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We meet new people all the time, but there are always a few that you will think about for the rest of your life. Well, I met one of those people, and I have a story to share.
I was on a train from Arezzo, Italy (a city in Tuscany) to Milan. It was a train that stopped frequently in almost every major city between Arezzo and Milan. The seats were organized in “pods,” where automatic doors opened and there were 6 seats. I sat in mine, the one near the window. As the train kept moving, more people got on. In my “pod,” two elderly women walked in. As a foreigner with too many bags, I was catching funny glimpses from them. They were speaking in Italian (not about me thankfully) and I was just minding my own business.
One of the women started talking with me, and I had the interactions all my Italian textbooks taught me: “Where are you from? Why are you in Italy?” Once we got on the topic of language, the woman applauded me for attempting to speak to her in her language. She said she was learning English.
The woman proceeded to tell me that she loves to travel. In fact, she was traveling alone just to get out of town. She said she has been all over Europe and considered herself well-traveled, as her and her husband traveled a lot during their retirement. Her husband spoke English well, so she never had the need to know it. She informed me that her husband has since passed. The woman explained she’s learning English in a night class so that she can travel the world, just as she did when he was alive. She said speaking English reminds her of when her husband would talk on their behalf when abroad.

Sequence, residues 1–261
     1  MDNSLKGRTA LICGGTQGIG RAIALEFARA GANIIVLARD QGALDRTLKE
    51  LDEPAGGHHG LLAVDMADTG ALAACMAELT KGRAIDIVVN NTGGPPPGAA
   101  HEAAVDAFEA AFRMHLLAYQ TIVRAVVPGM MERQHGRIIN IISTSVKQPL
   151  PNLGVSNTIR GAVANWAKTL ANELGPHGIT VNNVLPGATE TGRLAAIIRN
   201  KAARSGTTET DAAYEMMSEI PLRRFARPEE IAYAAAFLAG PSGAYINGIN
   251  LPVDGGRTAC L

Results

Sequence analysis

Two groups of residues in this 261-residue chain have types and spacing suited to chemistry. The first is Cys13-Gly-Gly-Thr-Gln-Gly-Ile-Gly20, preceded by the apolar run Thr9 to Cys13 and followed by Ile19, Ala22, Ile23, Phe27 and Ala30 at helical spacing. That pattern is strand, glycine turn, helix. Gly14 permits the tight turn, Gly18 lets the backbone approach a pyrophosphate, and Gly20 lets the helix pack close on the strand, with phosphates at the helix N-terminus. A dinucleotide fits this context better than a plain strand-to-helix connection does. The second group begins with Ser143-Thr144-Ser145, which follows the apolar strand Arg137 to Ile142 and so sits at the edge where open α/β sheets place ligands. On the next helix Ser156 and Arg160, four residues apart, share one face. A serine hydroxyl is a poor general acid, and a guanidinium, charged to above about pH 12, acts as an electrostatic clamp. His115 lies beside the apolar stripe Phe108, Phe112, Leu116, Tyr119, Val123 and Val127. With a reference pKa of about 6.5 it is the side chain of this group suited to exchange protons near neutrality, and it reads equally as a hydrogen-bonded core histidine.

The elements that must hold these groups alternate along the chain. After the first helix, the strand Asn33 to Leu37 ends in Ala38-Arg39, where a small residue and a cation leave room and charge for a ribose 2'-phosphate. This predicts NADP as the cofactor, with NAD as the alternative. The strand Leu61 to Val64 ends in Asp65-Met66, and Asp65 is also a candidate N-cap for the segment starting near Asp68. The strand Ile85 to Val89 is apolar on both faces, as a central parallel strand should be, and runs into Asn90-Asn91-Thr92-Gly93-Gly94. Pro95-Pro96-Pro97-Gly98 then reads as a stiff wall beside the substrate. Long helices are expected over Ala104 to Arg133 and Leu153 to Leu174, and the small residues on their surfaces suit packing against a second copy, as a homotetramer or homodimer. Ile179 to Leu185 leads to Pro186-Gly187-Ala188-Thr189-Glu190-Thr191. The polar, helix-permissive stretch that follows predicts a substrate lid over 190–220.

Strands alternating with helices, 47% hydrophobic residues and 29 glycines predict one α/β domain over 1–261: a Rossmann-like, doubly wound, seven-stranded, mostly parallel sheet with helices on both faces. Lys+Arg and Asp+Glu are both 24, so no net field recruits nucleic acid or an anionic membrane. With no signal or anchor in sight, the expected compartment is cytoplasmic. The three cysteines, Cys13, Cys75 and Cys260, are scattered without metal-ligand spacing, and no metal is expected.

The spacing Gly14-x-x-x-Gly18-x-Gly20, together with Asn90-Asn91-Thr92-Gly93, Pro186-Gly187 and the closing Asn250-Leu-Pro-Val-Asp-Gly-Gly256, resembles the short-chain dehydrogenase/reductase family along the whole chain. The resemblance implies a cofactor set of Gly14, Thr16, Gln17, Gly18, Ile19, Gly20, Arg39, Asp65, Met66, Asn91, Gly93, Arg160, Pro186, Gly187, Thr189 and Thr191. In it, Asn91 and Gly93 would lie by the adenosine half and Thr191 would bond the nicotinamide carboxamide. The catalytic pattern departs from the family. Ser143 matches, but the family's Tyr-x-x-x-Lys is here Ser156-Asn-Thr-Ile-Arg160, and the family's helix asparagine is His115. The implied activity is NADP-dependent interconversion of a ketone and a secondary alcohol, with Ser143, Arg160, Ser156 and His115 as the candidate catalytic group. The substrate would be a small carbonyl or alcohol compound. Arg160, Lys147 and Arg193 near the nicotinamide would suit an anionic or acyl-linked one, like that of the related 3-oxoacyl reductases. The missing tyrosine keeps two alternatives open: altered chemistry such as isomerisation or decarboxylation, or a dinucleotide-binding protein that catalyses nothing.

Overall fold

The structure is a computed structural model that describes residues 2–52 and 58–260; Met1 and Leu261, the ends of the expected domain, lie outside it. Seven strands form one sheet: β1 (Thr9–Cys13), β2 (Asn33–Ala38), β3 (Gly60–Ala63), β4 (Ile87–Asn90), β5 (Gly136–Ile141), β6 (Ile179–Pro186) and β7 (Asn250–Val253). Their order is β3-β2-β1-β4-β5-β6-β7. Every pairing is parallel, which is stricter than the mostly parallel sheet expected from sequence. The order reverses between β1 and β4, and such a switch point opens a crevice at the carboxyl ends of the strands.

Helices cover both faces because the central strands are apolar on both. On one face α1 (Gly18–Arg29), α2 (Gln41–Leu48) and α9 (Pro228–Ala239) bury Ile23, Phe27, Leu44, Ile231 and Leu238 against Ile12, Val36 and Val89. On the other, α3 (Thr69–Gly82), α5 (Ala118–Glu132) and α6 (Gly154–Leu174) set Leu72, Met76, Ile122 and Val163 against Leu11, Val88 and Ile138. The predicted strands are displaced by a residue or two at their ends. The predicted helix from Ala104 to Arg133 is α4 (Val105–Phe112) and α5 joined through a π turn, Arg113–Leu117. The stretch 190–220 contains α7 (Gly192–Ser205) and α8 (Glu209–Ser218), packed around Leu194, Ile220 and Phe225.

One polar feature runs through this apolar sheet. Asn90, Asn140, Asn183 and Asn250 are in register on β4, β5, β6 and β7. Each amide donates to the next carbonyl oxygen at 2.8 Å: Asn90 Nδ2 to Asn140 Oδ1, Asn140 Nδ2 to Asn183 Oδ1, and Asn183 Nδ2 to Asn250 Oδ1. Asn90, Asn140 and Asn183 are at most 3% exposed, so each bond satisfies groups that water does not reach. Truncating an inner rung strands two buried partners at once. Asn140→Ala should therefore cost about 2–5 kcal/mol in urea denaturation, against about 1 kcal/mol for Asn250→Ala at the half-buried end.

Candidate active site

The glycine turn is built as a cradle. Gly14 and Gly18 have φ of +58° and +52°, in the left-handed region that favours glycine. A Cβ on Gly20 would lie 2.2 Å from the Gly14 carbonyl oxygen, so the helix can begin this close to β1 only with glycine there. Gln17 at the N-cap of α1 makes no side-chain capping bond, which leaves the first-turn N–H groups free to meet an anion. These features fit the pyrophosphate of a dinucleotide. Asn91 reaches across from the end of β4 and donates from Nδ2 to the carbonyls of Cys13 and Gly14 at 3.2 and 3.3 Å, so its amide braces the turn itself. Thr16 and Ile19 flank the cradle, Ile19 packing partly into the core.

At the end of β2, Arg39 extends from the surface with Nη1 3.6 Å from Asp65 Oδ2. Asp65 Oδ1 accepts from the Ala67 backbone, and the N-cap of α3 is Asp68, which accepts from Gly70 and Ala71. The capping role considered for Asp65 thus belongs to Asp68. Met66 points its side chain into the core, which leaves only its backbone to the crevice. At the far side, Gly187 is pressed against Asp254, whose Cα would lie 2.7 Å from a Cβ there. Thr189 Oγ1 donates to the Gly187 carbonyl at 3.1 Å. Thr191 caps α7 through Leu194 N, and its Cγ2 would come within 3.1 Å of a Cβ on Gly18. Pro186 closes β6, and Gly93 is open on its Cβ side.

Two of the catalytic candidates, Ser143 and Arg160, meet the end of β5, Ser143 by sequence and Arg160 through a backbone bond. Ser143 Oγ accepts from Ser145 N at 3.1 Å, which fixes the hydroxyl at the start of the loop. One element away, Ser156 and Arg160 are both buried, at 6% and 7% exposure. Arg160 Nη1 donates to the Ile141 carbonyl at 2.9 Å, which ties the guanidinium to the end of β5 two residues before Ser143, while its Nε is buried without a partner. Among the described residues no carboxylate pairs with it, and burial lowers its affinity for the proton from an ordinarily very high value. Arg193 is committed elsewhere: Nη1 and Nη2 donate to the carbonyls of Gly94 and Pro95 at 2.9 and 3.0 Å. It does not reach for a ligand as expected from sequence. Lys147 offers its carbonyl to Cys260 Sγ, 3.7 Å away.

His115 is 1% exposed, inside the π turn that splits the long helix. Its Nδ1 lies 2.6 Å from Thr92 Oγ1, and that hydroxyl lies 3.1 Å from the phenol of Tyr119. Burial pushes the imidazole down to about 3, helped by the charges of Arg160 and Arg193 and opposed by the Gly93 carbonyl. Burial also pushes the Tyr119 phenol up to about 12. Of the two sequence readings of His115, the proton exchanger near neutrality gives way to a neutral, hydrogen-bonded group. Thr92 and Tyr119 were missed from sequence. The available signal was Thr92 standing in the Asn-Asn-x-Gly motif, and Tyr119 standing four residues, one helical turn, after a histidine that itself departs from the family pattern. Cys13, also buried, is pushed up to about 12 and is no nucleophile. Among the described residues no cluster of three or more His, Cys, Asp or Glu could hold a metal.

The woman pulled out a piece of paper and a small “English for beginners” book. She said, in English, “I have homework next class.” She had a small reading and some questions to answer. She asked if I could help her pronounce the words correctly. For about a half hour, we went through the reading, and I explained in Italian as best I could the words she couldn’t understand. Here we were, a young American guy and an Italian women at least in her late 60s, talking and laughing as if we knew each other our whole lives. In that moment, I realized these are our purposes on earth. These kinds of heartwarming stories are what makes us human.
The train started to come to a hault in some part of northern Italy. It was dreary, dark, and foggy. The woman said, “Questa è la mia fermata, era davvero un piacere.” “This is my stop, it really was a pleasure.” She did introduce herself, but I didn’t write her name down. I would give anything to remember. For the next hour to Milan, I thought about how the next four months were going to go. If I learned a fraction of what I learned talking to this woman, I’d be lucky.
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A presto (See you soon!),